My Lords, I hope that this is not irrelevant. If, as the noble Lord said, the BBC is cutting back, why do I have to listen at 3 am to the most ghastly children’s programme for the under-fives when that time could surely be put to use for foreign broadcasts somewhere in the world where it is not 3 am?

I have a feeling that the slightly cop-out answer is that that really is a matter for the programmers and directors of the BBC World Service and not for me at 3 am in the morning. Nevertheless, although the World Service and many other aspects of government and government agencies have had to trim their sails in line with the general austerity measures, for reasons which we all know about, in general great strides are being made in expanding the communication network in these areas and in reorganising BBC programmes in a way that, I hope, will not disturb my noble friend quite so challengingly.

My Lords, I suspect that many noble Lords saw the photograph of a young man protesting in Deraa, Syria, holding up a placard on which was written “Thank you BBC”. I think that that says it all. Can the Minister persuade his friends at DfID that the World Service is regarded by the recipients of our aid as priceless and ask them to look up exactly what that means?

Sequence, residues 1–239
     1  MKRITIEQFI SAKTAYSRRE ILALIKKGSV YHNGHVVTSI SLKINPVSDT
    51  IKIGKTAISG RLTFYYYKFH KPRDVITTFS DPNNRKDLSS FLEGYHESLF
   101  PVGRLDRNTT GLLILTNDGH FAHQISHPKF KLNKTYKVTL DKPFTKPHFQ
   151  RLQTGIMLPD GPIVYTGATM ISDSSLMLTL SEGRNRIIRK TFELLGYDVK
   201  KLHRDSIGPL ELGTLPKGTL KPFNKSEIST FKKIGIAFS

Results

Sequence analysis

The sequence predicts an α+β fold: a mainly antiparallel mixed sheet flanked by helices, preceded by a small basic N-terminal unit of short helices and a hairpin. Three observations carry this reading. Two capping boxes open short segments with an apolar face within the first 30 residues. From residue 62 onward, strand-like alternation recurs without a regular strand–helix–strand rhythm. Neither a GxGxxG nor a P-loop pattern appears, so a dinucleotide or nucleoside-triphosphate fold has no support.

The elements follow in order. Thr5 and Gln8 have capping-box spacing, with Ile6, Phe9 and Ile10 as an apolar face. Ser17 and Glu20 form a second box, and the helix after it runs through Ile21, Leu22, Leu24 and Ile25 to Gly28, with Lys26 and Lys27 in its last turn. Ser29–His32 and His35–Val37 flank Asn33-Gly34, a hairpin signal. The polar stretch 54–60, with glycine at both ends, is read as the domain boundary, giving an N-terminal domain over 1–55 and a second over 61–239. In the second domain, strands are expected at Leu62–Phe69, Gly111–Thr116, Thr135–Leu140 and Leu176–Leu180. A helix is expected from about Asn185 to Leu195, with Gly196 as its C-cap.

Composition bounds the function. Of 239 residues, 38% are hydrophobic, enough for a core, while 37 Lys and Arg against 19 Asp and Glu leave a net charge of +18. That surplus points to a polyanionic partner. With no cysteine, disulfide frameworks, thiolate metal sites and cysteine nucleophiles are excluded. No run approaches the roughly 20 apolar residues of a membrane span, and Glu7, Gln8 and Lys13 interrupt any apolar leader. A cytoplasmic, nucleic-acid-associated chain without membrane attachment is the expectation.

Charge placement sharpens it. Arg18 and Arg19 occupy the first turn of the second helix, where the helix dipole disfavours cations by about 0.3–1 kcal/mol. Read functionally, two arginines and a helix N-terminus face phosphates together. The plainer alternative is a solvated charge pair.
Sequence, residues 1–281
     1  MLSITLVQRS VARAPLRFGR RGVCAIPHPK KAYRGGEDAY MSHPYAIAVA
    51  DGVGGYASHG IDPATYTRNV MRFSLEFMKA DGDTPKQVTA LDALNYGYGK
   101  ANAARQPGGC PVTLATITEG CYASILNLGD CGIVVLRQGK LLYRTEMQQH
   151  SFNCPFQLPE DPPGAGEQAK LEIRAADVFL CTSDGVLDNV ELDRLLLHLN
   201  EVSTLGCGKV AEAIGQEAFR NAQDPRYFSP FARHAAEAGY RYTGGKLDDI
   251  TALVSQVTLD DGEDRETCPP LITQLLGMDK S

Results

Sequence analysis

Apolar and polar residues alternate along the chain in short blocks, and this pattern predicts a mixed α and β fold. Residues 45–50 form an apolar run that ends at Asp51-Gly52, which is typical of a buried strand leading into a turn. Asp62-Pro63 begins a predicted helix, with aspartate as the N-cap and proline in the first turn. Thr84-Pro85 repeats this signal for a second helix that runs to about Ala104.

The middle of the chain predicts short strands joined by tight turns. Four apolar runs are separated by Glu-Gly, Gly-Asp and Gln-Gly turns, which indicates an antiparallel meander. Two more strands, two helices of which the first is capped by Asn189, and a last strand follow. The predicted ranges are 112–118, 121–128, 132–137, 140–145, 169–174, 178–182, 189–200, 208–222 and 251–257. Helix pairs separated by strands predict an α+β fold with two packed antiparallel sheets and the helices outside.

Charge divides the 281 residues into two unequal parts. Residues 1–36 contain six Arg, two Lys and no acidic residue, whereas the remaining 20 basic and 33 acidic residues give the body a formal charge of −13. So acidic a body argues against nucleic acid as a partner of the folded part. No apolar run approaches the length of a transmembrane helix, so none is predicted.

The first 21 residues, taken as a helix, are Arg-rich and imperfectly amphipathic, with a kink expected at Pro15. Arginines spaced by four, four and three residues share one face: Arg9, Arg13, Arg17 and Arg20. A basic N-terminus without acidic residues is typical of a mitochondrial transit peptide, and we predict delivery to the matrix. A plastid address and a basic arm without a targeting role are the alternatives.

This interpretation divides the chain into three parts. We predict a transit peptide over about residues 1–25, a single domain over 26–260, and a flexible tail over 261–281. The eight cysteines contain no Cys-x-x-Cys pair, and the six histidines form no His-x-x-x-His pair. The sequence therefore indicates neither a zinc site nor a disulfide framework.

I think that my honourable friends and colleagues in DfID are well aware of that. It is a very important element in the deployment of soft power by this nation and it makes an important contribution to the overall soft-power communication message. No one doubts that for a moment. The budget is still substantial. It has had to take a cut proportionate with the huge cut that the Foreign Office had to take at the time of the exchange rate farrago. That had a huge impact on the Foreign Office. All the agencies concerned have had to take a proportionate share of that, but no more than proportionate compared with 2008.

When the BBC accepts financial responsibility for the World Service, who has the final word on to which countries and to what extent the BBC broadcasts: the Foreign Secretary or those who pay the piper, the BBC?

The finality and responsibility will be very carefully defined. A new broadcasting agreement is now being worked out between the Department for Culture, Media and Sport and the BBC that will define exactly the rights and responsibilities of the Foreign Secretary. However, at present, the final word is with the Foreign Secretary and it was he who sanctioned and approved the cuts in, I think, five of the foreign language services. Beyond that, it has been a matter for the BBC World Service itself to work out how best to use its resources.